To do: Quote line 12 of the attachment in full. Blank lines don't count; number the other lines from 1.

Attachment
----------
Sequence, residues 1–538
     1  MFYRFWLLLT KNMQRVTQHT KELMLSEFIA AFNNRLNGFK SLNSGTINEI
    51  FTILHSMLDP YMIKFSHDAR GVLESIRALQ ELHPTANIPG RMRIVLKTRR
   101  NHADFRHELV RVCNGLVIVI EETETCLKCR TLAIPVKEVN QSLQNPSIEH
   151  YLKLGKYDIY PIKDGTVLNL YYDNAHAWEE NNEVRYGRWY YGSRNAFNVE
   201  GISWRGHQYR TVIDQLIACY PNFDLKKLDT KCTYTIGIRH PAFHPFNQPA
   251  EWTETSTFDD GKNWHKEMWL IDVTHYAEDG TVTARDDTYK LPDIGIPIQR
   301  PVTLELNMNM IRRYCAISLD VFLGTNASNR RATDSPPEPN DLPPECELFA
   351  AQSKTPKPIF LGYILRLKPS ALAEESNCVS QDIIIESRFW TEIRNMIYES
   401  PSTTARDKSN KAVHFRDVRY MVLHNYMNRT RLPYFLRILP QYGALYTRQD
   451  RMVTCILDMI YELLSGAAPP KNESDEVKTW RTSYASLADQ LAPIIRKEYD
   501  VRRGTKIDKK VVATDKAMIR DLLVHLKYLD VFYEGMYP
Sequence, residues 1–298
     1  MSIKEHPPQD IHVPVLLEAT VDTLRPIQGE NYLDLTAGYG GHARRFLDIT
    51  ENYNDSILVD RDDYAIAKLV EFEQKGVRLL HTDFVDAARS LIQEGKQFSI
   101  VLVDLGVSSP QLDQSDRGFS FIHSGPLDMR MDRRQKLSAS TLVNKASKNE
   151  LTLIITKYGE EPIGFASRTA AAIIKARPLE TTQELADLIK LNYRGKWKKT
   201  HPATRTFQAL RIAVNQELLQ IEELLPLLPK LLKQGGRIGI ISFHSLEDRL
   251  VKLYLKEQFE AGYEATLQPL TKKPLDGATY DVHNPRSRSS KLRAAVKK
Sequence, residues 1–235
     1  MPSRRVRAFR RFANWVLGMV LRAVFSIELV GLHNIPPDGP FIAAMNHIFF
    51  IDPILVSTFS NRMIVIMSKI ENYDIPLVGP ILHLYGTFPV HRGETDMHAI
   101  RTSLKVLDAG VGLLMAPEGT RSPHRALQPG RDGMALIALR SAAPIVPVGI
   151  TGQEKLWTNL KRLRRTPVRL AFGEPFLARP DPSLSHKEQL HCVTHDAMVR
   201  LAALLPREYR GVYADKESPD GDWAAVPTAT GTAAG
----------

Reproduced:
   501  VRRGTKIDKK VVATDKAMIR DLLVHLKYLD VFYEGMYP